Imitation is the highest form of flattery” becomes a license to dish unmercifully in “Forbidden Broadway.” And while Jerry Herman may have quite adroitly written, “There is no tune like a show tune,” this nimble ensemble would add the word “lampooned” to that sentence as they repeatedly hit bull’s-eyes on the target range of satire. “Forbidden Broadway” is an uproarious exercise in hilarity for Broadway musical buffs everywhere. Therein lies the show’s greatest strength, and its weakness.
Writer/director Gerard Alessandrini’s sharply focused concept limits the universal appeal of his musical review. Audience members who possess limited knowledge of the New York musical scene since the ’70s will find themselves watching a two-hour inside joke. That said, all the ingredients of a definitively inspired, brilliantly conceived musical satire are in evidence: A talented and versatile cast, music provided by Broadway’s greatest composers, and razor-edged, no-holds-barred lyrics.
The show highlights 12 years of the revue’s best material with several new additions. “Forbidden Broadway” chestnuts include a send-up on Patti LuPone (Christine Pedi) as “Evita” (“Don’t cry for me, Barbra Streisand, the truth is you bought the film rights”), “Madonna does Mamet” (Susanne Blakeslee as the Material Girl sings “I Strain in Vain to Train Madonna’s Brain”), and “Cats” (Brad Oscar singing, “Mem’ries, of when actors played humans…”).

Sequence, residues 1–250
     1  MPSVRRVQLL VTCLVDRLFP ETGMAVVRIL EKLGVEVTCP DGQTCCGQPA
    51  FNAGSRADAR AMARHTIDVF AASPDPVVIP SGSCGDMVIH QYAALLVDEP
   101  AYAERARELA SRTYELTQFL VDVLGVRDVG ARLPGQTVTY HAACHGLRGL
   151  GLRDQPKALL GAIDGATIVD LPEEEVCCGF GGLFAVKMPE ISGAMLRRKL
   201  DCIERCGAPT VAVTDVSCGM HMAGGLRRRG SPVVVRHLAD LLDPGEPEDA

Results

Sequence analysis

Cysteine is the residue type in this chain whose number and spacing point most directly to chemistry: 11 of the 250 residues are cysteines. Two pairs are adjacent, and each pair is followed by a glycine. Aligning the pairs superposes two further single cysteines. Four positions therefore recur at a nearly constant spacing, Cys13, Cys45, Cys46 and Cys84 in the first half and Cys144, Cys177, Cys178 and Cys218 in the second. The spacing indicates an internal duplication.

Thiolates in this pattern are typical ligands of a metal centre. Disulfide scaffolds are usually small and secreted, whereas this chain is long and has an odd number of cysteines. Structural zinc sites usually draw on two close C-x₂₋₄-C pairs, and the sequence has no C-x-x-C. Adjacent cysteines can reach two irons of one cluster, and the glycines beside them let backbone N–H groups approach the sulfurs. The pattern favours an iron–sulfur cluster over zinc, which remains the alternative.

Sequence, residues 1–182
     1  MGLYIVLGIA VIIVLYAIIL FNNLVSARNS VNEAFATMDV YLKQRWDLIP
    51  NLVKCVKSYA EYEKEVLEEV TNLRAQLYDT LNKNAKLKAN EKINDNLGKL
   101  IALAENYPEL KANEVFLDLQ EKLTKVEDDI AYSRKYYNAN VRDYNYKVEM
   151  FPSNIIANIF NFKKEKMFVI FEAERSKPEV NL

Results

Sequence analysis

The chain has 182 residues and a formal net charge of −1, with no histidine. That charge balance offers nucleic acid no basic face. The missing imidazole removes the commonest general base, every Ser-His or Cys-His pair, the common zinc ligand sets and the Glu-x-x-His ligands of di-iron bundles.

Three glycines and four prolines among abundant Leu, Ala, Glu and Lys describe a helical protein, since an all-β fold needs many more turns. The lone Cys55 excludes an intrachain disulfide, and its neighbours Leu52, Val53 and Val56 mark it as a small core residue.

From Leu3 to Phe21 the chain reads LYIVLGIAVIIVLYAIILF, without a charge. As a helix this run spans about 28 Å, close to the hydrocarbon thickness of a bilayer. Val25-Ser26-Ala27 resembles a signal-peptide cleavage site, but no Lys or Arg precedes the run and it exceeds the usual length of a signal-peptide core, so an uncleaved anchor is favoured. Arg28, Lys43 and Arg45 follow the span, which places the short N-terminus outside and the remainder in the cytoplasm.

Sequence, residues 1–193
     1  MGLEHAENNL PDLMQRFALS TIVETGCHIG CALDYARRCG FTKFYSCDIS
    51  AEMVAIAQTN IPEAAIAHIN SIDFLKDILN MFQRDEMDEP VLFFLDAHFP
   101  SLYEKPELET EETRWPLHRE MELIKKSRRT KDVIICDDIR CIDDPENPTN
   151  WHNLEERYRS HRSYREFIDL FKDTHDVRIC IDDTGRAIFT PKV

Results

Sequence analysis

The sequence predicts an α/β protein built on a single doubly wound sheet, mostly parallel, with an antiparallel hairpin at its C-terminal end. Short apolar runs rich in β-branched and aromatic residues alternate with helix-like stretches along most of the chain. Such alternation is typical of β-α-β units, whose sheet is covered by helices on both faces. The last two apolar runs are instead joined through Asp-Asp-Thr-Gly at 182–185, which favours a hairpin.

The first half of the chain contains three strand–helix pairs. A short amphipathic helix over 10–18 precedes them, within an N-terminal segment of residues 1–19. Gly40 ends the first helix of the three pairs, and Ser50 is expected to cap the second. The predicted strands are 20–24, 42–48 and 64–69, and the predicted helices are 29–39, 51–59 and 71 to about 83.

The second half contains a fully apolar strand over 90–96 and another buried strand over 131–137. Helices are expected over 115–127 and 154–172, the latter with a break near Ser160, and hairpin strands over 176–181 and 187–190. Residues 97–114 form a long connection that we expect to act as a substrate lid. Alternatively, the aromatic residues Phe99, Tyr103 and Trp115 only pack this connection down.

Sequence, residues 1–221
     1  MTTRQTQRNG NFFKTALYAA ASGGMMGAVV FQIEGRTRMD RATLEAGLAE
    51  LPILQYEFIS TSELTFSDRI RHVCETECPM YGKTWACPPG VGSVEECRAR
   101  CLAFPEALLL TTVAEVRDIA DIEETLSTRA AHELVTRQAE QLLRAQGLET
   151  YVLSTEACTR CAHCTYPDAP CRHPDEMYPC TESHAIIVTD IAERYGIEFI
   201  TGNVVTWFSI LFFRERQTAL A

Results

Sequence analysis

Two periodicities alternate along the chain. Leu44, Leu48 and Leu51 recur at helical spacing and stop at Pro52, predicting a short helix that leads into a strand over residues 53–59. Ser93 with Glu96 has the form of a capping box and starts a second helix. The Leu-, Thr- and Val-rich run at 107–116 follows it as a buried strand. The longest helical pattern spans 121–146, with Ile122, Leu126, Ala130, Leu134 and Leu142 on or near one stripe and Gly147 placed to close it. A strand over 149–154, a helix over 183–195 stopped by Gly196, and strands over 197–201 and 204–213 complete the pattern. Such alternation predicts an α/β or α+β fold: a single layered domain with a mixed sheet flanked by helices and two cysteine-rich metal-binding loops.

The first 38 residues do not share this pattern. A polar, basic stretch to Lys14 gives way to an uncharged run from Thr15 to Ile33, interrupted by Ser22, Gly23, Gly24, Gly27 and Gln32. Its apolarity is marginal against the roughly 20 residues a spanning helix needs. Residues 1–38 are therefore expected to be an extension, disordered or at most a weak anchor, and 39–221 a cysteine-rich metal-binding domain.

Some of the newer additions include a “Y’know I love ya,” polyestered Robert Goulet (Oscar) in “Camelounge,” Craig Wells as a technique-entrenched Michael Crawford (“Put On Your Phony Voice”), and “Sunset Boulevard’s” dueling Desmonds, Glenn and Patti (Blakeslee and Pedi, respectively) clawing for the Broadway run. One of the evening’s cleverest sketches involves a spoof on Stephen Sondheim’s complex lyrics to the tune of “Into the Woods” (“Into the Words”).
Alessandrini sticks to what has been written both musically and lyrically as much as possible, and it is from this adherence that his high comedy emerges.
As biting as his stage direction and manipulation of words may be, his genuine respect for the music shines through in the scoring, which is aptly rendered by singer/pianist/musical director Brad Ellis.
Bradley Kaye’s glimmering set harkens back to the show’s cabaret origins with Guy Conger’s colorfully gelled lights complementing. Costumes by Alvin Colt and Erika Dyson, and Teresa Vuoso’s marvelous wigs dress the picture nicely.